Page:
Guardian launches important new Website on Inequality

Duncan Green - April 28, 2017

The Guardian launched a promising new website on inequality this week, edited by Mike Herd. ‘Over the coming year, the Guardian’s Inequality Project – supported by the Ford Foundation – will try to shed fresh light on these and many more issues of inequality and social unfairness, using in-depth reporting, new academic research and, most importantly, insights from you, our audience, wherever you are in the world …

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It’s international happiness day today, and there are some baffling national winners and losers

Duncan Green - March 20, 2016

It’s international happiness day today, so what better way to ruin my Sunday morning than blogging about it? The World Happiness Report has a short update to mark the day. Happiness may sound a slightly woolly concept, but actually the report is based on rigorous assessments by Gallup of life satisfaction indicators (see here for more). Some highlights: Denmark wins (again) – how annoying is …

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Let’s Talk About Sex: why sexual satisfaction & pleasure should be on the international development agenda

Duncan Green - October 22, 2014

This guest post is by Chloe Safier (@chloelenas), Regional Gender Lead for Oxfam in Southern Africa, with thoughtful contributions from Marc Wegerif I was sitting at dinner with my Oxfam colleagues on a Sunday night, just before a country strategy meeting. Over grilled fish and cokes, I mentioned an article I’d seen recently in the Guardian that spoke to the need to talk about all aspects …

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Gallup’s global Well-Being Index. Great data, shame about the (lack of) analysis.

Duncan Green - September 19, 2014

Gallup has just published its Global Well-Being Index, based on a survey of 134,000 adults in 135 countries – i.e. a big exercise. The methodology is rigorous, presided over by Angus Deaton, who also contributes a glowing foreword. The index includes five elements of well-being: purpose, social, financial, community, and physical. Here’s what it finds for the BRICS, for example (headline message, it’s great to be Brazilian, …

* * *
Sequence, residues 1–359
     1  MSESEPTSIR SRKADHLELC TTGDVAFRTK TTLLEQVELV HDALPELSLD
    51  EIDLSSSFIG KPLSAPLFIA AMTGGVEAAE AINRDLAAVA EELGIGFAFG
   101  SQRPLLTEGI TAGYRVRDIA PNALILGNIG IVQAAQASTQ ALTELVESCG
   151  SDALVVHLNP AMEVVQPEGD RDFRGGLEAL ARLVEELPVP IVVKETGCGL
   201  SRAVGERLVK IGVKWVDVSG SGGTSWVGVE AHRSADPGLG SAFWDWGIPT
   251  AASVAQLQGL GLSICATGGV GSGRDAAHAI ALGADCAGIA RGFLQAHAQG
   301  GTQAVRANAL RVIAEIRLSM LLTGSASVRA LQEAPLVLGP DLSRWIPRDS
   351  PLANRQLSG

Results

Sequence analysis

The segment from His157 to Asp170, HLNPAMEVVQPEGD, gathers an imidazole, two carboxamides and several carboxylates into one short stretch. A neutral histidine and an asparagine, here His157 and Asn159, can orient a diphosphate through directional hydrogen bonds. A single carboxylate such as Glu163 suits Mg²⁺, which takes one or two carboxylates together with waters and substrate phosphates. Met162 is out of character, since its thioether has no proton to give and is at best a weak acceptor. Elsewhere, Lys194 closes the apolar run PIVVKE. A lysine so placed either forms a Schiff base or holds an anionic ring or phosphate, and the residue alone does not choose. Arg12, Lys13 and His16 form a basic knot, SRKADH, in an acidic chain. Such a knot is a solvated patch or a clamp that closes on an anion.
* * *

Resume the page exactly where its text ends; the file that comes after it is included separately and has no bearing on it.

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Can alternative economic indicators ever be any good if they are devised solely by experts?

Duncan Green - August 21, 2014

This guest post comes from Oxfam well-being guru Katherine Trebeck Over the last few years there has been a spate of measurement initiatives – way too many to list here. Together they represent a positive, if disparate, effort to improve the measures that we take into account when assessing the success of something – a policy, a programme, or even a country. Many of them …

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Why do some (better) alternatives to GDP get picked up, while others sink without trace? Useful new study on political economy of indicators.

admin - February 5, 2013

Took me a while to overcome my reluctance to read a document subtitled ‘Deliverable 1.1’ on the front page (yuk), but I’m glad I did so. The paper ‘Review report on Beyond GDP indicators: categorisation, intentions and impacts’ (cracking title too…..) is published by BRAINPOoL – ‘Bringing Alternative Indicators into Policy’ (is that the sound of teeth grinding?).  The authors come from Eurothinktanks CUEC (Czech …

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What can opinion polls tell us about well-being and revolution? Quite a lot, actually

admin - October 15, 2012

I’m on a plane to Delhi today, to the big OECD conference on ‘Measuring Well-Being for Development and Policy Making’. In preparation, I dropped in on the scarily smart (in both senses) young pollsters from Gallup. Fascinating, and also vaguely relevant to today’s ‘blog action day‘, on the theme of  ‘the power of we’ – few organizations are better placed than Gallup to tell us …

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How can we measure Scotland's well-being? New index from Oxfam.

admin - May 3, 2012

Really interesting project from Katherine Trebeck and colleagues in Oxfam’s UK Poverty Programme – constructing and testing a wellbeing index for Scotland. Guardian coverage here. Here’s how it works: Oxfam consulted 3,000 people across Scotland (focus groups, community workshops – see pic, street stalls, an online survey, and a YouGov poll) to establish what aspects of life make a difference to them. The consultation process produced …

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Poverty reduction v well-being: a cash transfer experiment from Malawi

admin - June 29, 2011

What difference does it make to development interventions if you worry about well-being rather than income poverty? A rather neat example has just come through from some new research by Sarah Bair, Jacobus de Hoop and Berk Özler for the World Bank Poverty and Inequality team. They looked at the impact on girls’ mental health of cash transfers in Malawi (why do so many researchers work …

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